A new era opens in astrophysics. The precision that allows us to enjoy the Earth’s powerful space observatories is changing the way humans observe the universe, allowing us to witness phenomena millions of light years away; or, what is the same thing, that happened millions of years ago.
A team of scientists at the Carnegie Institute has provided the first image of two neutron stars colliding in the galaxy NGC 4993, about 130 million light years away from Earth, in the constellation of Hydra.
A phenomenon that has important implications. It has caused two historical events: the fifth detection of gravitational waves, for the first time, produced by the fusion of two neutron stars and, in addition, the origin of heavy elements as a result of such fusion, such as gold, platinum and uranium.
In collaboration with scientists at the University of California at Santa Cruz, the team used the Swope telescope at the Las Campanas Observatory to discover the light produced by the fusion, pointing to the origin of a gravitational wave signal.
Not only is it a milestone for physics to observe the clash of two neutron stars, but so are these two historical detections; on the one hand, the gravitational waves (that is, undulations in the space-time tissue, which prove the existence of the same, as predicted by Einstein); and, on the other, the answer to the question that astrophysicists had been asking for decades: when were the heavy elements created?
What are neutron stars?
Neutron stars are incredibly dense remains that lie behind supernova explosions. Theoretical astrophysicists have speculated for years about what happens when two of them merge, but so far this phenomenon has never been observed.
Mergers of black holes do not emit light and therefore are invisible to telescopes. However, for a long time they calculated that the neutron star fusions produce light and gravitational waves, so the detection of these events was impatiently awaited. And finally, this detection has occurred.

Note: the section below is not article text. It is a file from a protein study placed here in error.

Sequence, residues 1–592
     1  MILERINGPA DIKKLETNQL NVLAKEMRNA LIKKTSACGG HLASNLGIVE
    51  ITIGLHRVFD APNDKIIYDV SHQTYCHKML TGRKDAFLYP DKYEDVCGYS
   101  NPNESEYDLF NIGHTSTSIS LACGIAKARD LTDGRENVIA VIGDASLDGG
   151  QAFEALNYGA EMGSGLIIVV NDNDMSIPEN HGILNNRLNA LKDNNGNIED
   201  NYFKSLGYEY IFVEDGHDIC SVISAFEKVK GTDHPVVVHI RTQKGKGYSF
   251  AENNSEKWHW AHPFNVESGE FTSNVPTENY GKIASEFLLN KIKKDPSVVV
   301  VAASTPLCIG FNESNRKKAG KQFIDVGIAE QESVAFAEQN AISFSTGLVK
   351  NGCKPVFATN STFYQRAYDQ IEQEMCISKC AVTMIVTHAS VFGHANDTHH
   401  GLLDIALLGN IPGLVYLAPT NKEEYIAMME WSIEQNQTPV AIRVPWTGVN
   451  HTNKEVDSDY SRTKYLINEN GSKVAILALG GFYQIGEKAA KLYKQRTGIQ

To give us an idea of its density: “Only one teaspoon of neutron star weighs as much as all the people on Earth,” according to Carnegie team leader Tony Piro.
“The ability to study the same event with gravitational waves and light is a real revolution in astronomy,” according to Piro. “Now we can study the universe with two completely different probes, which teach us things we could never know with just one or the other.”
How are heavy elements detected?
Scientists separate light from a celestial object into its wavelengths, just as a prism extends sunlight into the colors of the rainbow. Analyzing light in this way helps astronomers measure the speed and chemical composition of cosmic sources.
As scientists follow the blaze of the explosion, they uncovered some key features of the radioactive decay of heavy elements. This suggests that these elements were synthesized after fusion, solving a mystery that had been hidden for 70 years.
In February 2016, the LIGO project announced the first detection of gravitational waves caused by the merger of two black holes, a discovery that received the Nobel Prize in Physics in 2017.